There’s nothing like finishing a work of truly brilliant literature to make you feel inadequate in your own writing ability. One Hundred Years of Solitude is such a work, published in 1967 (and in English in 1970) and resonating still today. I read excerpts from the book in its original Spanish for a class in college while getting my Spanish minor; now, with my Spanish skills greatly diminished into almost nothingness, I just completed it in English, and it’s all the more impressive how much of the novel’s beauty is retained even when translated across languages. So, inadequacy aside, I was left feeling I had to write something — anything — about this work, even if brief and insufficient, in recognition of the depth with which it plunges you into its experience and leaves you with a sense of longing.
One Hundred Years of Solitude was written by Gabriel Garcia Marquez, a Colombian author who just died last April. It follows the Buendia family over several generations in the fictional town of Macondo. It’s amusing at times, tragic at many others, and challenging in some of the ugliness it depicts. Marquez deploys magical realism as ingeniously as the device has ever been used, with the supernatural becoming a natural part of events. Ghosts haunt multiple characters, a corollary for the way in which the past constantly cycles back through the town, defining each new generation with the traits and flaws of the old.
Marquez narrates the winding story with a sense of detachment, with a loose story structure that sprawls beyond any one conflict, even the many wars of Colonel Aureliano Buendia or the strife with the banana company and its workers. That detached, loose feeling gives the book a gradual build-up that grows on you with each generation and each loss, with the final sum far surpassing any of its parts. There’s a fatalism to the story that only grows with each passing generation, culminating with Aureliano Babilonia’s last-second translation and the realization that every action of the family has been preordained all along, as inescapable as the final wind blowing through Macondo, a wind that has hit me so hard that I still feel devastated, days after finishing the book.
There’s a wealth of material both analyzing and heaping well-earned praise upon One Hundred Years of Solitude, so much so that I have little I can add. Instead, I’m going to fill the rest of this post with some choice quotes from the book, courtesy of GoodReads, to showcase how gorgeous and impactful Marquez’s work remains.
“It’s enough for me to be sure that you and I exist at this moment.”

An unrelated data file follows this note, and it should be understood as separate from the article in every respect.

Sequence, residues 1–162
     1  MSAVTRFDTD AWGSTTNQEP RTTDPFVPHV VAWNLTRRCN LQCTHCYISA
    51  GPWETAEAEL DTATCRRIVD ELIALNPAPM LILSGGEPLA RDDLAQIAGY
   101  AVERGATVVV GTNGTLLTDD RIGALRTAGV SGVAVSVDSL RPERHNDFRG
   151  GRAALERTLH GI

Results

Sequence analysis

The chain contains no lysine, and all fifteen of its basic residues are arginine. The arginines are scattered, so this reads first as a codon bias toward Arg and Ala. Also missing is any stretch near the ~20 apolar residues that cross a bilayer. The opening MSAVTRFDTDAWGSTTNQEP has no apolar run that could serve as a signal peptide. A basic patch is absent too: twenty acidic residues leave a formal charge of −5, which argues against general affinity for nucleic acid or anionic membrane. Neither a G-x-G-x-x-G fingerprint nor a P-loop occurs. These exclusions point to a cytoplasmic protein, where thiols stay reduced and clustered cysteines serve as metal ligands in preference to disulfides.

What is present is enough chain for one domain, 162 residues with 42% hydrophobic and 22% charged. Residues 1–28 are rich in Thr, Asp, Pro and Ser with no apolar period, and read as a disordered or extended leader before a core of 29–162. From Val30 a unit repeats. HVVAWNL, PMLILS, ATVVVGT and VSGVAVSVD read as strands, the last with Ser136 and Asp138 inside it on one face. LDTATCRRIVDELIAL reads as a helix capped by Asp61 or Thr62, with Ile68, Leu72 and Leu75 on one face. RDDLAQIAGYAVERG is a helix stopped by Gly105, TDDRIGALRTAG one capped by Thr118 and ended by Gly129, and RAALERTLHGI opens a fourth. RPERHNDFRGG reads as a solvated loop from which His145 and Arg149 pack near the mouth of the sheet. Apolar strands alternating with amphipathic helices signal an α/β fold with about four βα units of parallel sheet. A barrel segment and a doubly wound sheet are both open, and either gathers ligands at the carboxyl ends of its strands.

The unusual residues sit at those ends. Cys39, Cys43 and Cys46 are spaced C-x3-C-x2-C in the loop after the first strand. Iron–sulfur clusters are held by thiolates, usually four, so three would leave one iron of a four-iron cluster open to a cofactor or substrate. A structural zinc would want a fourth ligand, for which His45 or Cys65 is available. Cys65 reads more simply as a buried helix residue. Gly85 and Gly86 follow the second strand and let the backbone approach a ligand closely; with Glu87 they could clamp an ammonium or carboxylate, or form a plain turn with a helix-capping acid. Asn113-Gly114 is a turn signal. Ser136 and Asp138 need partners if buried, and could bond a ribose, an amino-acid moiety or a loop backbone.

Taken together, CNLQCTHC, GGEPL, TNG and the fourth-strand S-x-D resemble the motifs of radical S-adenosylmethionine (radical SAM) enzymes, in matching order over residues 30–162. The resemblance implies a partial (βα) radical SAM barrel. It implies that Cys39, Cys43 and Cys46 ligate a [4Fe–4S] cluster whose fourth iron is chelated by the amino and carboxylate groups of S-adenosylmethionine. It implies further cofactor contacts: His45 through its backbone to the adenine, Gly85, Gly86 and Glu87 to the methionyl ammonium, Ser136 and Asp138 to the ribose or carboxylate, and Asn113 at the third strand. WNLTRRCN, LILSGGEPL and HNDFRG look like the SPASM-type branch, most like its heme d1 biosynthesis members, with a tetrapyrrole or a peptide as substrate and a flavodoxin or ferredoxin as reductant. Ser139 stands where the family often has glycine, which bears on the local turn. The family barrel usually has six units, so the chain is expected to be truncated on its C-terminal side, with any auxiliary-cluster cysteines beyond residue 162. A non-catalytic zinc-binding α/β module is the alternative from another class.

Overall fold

“Then he made one last effort to search in his heart for the place where his affection had rotted away, and he could not find it.”
“He really had been through death, but he had returned because he could not bear the solitude.”
“Wherever they might be they always remember that the past was a lie, that memory has no return, that every spring gone by could never be recovered, and that the wildest and most tenacious love was an ephemeral truth in the end.”
“Thus they went on living in a reality that was slipping away, momentarily captured by words, but which would escape irremediably when they forgot the values of the written letters.”
“Death really did not matter to him but life did, and therefore the sensation he felt when they gave their decision was not a feeling of fear but of nostalgia.”
“He sank into the rocking chair, the same one in which Rebecca had sat during the early days of the house to give embroidery lessons, and in which Amaranta had played Chinese checkers with Colonel Gerineldo Marquez, and in which Amaranta Ursula had sewn the tiny clothing for the child, and in that flash of lucidity he became aware that he was unable to bear in his soul the crushing weight of so much past.”
“For a week, almost without speaking, they went ahead like sleepwalkers through a universe of grief, lighted only by the tenuous reflection of luminous insects, and their lungs were overwhelmed by a suffocating smell of blood.”
“The secret of a good old age is simply an honorable pact with solitude.”
“Before reaching the final line, however, he had already understood that he would never leave that room, for it was foreseen that the city of mirages would be wiped out by the wind and exiled from the memory of men at the precise moment when Aureliano Babilonia would finish deciphering the parchments, and that everything written on them was unrepeatable since time immemorial and forever more, because races condemned to one hundred years of solitude did not have a second opportunity on earth.”